An older horse often returns unadopted to a government holding pen, where taxpayers will have to feed the animal for the rest of its life.
"We’re hoping to change that trend, starting right here,” says Paul McGuire of the Bureau of Land Management’s Oklahoma Field Office.
"Kellyville is going to be the testing grounds.”
For the first time, the government will offer a $500 stipend to anyone who adopts a horse that’s more than 4 years old. The money will be paid a year from now, to offset the cost of caring for the animal for the first 12 months.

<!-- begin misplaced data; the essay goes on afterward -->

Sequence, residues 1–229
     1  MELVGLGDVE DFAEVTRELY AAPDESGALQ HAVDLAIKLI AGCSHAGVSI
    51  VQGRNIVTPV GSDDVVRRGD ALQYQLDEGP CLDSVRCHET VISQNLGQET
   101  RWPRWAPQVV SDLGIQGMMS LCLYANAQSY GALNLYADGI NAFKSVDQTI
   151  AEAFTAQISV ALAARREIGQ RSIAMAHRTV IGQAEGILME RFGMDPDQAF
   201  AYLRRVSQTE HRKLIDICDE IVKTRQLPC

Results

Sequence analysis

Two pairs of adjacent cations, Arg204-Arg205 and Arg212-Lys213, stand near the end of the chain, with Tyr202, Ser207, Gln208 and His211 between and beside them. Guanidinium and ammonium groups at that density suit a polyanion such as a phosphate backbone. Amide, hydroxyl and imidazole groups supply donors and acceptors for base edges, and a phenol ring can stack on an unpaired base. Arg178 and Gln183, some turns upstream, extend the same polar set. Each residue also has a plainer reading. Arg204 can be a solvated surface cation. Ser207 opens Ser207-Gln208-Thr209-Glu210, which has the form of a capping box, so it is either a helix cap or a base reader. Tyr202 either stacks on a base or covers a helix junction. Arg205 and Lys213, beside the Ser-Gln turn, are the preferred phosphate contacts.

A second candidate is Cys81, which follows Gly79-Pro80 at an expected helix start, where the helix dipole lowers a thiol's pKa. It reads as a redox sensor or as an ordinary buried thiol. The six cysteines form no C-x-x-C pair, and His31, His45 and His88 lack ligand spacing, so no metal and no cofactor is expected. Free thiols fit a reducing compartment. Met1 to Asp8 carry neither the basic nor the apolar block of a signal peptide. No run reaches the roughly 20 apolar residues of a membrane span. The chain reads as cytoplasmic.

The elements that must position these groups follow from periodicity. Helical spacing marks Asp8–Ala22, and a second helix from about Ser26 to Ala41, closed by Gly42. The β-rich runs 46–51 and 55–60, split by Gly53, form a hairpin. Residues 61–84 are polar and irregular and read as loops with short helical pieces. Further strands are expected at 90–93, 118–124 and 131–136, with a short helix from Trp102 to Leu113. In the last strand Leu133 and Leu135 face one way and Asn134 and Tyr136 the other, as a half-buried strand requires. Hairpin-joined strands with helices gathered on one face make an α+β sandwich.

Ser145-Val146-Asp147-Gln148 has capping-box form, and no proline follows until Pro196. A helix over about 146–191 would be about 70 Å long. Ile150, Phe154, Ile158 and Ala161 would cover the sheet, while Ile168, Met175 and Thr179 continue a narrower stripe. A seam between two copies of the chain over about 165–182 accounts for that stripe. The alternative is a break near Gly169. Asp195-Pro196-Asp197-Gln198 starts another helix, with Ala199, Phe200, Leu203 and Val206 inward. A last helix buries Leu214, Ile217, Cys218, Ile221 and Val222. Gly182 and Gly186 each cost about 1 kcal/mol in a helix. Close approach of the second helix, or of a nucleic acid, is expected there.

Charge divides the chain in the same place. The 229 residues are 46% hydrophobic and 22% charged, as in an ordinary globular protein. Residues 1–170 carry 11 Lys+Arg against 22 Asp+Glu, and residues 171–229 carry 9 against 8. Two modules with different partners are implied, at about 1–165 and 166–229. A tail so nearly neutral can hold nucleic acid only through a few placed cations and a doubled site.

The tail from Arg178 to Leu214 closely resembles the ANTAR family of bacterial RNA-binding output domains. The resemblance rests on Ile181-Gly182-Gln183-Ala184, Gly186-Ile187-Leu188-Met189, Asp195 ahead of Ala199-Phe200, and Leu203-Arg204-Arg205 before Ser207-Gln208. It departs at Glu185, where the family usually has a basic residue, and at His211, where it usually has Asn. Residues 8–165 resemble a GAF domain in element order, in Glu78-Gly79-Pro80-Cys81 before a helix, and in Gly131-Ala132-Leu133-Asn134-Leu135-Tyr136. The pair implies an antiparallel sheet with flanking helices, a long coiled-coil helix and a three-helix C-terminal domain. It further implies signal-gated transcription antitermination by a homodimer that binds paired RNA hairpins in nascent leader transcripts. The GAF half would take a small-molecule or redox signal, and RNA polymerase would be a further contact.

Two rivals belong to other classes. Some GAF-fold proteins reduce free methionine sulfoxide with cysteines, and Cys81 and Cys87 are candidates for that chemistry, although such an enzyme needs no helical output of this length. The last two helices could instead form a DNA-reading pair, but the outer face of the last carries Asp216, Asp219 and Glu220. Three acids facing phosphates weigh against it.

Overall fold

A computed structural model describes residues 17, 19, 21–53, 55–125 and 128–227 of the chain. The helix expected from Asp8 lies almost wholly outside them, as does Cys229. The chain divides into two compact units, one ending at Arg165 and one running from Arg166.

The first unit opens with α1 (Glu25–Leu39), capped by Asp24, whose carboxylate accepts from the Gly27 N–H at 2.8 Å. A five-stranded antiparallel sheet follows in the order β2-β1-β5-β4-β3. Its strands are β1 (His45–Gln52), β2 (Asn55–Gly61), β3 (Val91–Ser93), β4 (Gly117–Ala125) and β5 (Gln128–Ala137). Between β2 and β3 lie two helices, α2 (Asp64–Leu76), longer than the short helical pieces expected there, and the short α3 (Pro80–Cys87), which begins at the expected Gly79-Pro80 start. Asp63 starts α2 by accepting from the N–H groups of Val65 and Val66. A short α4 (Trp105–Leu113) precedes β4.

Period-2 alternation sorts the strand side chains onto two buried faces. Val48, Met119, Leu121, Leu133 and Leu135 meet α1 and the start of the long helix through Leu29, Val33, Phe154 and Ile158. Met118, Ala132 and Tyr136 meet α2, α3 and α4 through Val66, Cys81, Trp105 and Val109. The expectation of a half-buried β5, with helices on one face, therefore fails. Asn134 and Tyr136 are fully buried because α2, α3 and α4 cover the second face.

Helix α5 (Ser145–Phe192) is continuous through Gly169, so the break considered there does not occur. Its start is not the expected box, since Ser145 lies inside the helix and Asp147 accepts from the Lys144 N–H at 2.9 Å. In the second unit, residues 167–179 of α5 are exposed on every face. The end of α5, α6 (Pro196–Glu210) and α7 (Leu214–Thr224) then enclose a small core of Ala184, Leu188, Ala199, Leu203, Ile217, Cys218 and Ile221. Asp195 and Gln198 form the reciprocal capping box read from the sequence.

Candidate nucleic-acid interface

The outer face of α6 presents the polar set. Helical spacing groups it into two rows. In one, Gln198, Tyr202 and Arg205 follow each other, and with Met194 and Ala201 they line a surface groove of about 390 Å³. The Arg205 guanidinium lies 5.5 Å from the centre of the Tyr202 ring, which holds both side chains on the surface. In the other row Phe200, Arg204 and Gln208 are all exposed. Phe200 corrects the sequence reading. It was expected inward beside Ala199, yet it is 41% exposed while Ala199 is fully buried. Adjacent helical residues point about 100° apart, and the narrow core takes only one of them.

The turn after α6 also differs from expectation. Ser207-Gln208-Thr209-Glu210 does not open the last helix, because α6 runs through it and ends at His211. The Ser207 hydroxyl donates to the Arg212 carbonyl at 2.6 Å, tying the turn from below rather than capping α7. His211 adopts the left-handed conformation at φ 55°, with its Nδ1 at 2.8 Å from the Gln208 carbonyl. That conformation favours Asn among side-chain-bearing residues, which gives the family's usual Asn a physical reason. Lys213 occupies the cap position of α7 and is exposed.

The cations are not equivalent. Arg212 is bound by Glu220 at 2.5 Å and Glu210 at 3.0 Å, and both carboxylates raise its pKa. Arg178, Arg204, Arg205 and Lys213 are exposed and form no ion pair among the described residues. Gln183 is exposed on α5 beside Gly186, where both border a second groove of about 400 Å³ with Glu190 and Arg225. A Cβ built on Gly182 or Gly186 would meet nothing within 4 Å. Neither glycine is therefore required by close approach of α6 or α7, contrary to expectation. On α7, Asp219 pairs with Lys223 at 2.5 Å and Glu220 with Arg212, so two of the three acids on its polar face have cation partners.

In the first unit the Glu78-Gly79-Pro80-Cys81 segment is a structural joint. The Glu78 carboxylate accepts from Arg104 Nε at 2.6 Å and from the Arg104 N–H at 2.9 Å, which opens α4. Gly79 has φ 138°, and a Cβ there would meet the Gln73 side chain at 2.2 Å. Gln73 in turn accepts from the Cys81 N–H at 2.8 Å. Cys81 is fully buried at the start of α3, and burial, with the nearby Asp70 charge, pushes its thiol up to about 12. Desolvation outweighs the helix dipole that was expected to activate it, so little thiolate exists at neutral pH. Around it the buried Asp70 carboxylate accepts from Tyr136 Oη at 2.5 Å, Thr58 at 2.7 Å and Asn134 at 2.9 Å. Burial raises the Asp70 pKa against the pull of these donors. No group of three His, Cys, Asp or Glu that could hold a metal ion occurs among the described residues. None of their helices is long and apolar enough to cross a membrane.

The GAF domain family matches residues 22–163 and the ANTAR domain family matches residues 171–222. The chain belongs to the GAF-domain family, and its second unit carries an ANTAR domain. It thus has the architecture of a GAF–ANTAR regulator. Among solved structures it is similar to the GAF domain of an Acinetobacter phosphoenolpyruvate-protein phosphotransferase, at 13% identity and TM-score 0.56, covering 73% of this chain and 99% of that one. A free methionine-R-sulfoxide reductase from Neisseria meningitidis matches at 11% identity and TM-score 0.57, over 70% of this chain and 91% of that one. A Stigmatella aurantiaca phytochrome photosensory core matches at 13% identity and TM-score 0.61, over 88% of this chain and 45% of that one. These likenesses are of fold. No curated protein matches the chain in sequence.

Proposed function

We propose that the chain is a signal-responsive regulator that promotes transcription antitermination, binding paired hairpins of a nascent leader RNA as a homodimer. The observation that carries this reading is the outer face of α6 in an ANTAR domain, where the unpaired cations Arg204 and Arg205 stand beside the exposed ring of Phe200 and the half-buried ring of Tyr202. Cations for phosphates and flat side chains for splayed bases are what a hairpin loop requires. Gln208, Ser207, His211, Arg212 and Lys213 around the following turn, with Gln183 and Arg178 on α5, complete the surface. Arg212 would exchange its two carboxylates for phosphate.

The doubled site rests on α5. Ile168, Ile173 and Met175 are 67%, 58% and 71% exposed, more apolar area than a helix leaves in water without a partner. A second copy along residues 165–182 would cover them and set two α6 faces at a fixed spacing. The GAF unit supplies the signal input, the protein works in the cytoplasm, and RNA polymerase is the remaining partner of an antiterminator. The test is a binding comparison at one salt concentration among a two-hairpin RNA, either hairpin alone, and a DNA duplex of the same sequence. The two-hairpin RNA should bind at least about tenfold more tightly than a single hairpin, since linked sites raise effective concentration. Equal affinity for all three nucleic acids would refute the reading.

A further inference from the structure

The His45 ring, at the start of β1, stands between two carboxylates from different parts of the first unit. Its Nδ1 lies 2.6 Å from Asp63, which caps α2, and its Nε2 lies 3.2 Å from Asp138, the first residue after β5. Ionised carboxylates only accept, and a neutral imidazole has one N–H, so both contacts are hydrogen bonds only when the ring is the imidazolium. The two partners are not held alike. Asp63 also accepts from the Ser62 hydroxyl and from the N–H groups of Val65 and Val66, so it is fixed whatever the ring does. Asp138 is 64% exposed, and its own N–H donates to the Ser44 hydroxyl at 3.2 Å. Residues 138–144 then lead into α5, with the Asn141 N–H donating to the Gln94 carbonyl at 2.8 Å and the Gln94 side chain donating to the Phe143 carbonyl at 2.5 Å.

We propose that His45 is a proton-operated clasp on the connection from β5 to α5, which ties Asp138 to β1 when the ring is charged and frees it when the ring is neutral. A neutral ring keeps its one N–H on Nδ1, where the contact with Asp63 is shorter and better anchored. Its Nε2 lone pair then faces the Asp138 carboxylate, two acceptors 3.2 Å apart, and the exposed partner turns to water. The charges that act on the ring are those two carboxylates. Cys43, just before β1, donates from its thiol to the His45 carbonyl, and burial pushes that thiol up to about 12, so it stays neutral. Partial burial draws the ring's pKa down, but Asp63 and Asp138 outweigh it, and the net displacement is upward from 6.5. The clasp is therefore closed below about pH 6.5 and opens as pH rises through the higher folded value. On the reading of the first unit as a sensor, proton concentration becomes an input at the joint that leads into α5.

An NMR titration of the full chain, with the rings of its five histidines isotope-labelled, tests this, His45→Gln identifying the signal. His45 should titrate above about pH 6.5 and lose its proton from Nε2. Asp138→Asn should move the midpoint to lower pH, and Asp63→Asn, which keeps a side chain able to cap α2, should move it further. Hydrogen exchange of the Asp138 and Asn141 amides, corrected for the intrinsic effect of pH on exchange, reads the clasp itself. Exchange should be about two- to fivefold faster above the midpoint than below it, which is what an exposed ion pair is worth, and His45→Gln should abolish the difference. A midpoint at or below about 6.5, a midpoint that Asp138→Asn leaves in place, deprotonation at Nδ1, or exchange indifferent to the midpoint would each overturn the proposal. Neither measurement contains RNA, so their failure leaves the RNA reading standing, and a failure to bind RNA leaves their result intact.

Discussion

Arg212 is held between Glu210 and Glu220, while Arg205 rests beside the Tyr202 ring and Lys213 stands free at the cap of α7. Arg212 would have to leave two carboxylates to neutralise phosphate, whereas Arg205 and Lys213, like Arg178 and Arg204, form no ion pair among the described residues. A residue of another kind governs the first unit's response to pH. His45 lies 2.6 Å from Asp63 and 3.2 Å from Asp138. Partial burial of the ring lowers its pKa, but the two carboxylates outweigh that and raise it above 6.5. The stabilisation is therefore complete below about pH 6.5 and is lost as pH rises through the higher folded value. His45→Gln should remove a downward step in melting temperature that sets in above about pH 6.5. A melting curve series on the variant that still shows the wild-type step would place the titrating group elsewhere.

"It’s a short-term expense for the taxpayer, but a long-term gain,” McGuire says.
"For a $500 investment, you can save $10,000 over the lifetime of the horse. That’s an investment any financial adviser would tell you to take.”
With clumpy, matted hair and tangled manes, most of these horses come straight from the wild. And even the ones that have been born in captivity have never been groomed.
"If you’re looking for the next champion jumper, or if you want a show horse, you won’t find one here,” says Chad Kelly, a Missouri trainer specializing in taming wild Mustangs.
But when they’re cleaned up and trained properly, they make excellent trail horses, Kelly says.
"These are blue-collar horses for blue-collar people. They’re strong. They’re smart. And they’re all-American.”